Kiwi is a medicinal fruit that is native to China and most parts of southern Asia. Today, large scale kiwi farming is done in New Zealand, France, Chile, and Italy. Kiwi is a perennial deciduous plant that produces round fruits with a pleasant, unique sour taste and short hairs. It thrives in warm areas with high humidity. Over the past few years, the demand for the fruit has increased rapidly in the local and export markets due to its nutritional value and health benefits.
Health benefits of Kiwi Fruit
Kiwi fruit is highly nutritious and contains a large percentage of Vitamin C, Vitamin A, and Vitamin B1 and 2. Vitamin C is important in the body since it reduces the risk of cancer, stroke, heart disease, and chronic diseases in the circulatory system. Also, it enhances the health of teeth, iron absorption, and helps in the maintenance of healthy bones, and healing of wounds. Besides, it contains phosphorus, magnesium, sugar, iron, and calcium. With a low-calorie content and a high nutritional content, Kiwi fruits enhance the overall healing effect on the body.
Degrees of fruit maturity
There are three degrees of fruit maturity in Kiwi harvest management. The first degree is botanical maturity which takes place when the fruit has attained the final size and shape. At this time, nutrients have stopped flowing into the fruits. The second degree is usable maturity which occurs when the fruits are fully developed and are ready for consumption. At this time, the fruits have attained all the ideal qualities in the fruit content such as smell, taste, strength. The third degree is technological maturity which indicates the degree of ripeness of the fruits for consumption. Fruits should be harvested when they have fully ripened and sufficiently softened. Harvesting the fruits too early makes them lose their weight excessively and results in a lot of post-harvest losses since such fruits are not durable in storage. Kiwi fruits are sensitive to freezing and frost hence should be grown in areas that are less prone to frost. Farmers should ensure that they plan their markets early enough to prevent post-harvest losses and to ensure that they are taken to the market early enough.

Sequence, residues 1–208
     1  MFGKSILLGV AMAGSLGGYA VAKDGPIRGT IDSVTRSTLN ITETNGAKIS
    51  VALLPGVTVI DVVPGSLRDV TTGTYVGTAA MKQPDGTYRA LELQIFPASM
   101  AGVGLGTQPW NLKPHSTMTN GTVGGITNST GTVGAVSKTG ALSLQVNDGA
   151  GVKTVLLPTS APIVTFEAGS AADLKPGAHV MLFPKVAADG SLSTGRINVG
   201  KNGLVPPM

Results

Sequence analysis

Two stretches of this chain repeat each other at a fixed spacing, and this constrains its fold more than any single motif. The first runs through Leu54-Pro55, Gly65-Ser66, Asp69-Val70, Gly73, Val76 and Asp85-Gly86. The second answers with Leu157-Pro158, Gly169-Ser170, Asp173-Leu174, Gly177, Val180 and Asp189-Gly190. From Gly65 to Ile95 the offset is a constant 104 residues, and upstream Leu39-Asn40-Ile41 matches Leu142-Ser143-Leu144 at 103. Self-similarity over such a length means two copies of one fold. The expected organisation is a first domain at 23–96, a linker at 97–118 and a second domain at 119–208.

Commercial kiwi Fruit harvesting
On most occasions, harvesting kiwi fruits can be a complicated task, especially when growing the fruits for commercial purposes. The advancements in agricultural technology have led to the introduction of a harvesting tool called a refractometer. This tool is used by commercial kiwi farmers to measure the sugar levels in the fruit to determine whether it’s mature enough to be harvested. Home gardeners require extensive knowledge of kiwi fruits to know when the fruits are fully mature. In some cases, the fruit might have attained the full size, but it’s mature enough for harvesting. Kiwi fruits should be harvested when it fully softens off the vine. Unlike other fruits, kiwi fruits fully ripen after they have been removed from the vine. After harvesting, the fruits should be stored in areas with high humidity and cold temperatures. This helps in preserving them longer for up to 4 – 6 months.
Retailing at competitive prices in the export market, Kiwi farming can be a lucrative venture for smallholder and largescale farmers. Kiwi farming requires skill and expertise. Apart from quality kiwi seedlings, Oxfarm Ag Ltd provides you with soil testing services, farm inputs such as irrigation and fertigation systems at competitive prices, and agronomy support to ensure that you achieve success in Kiwi farming.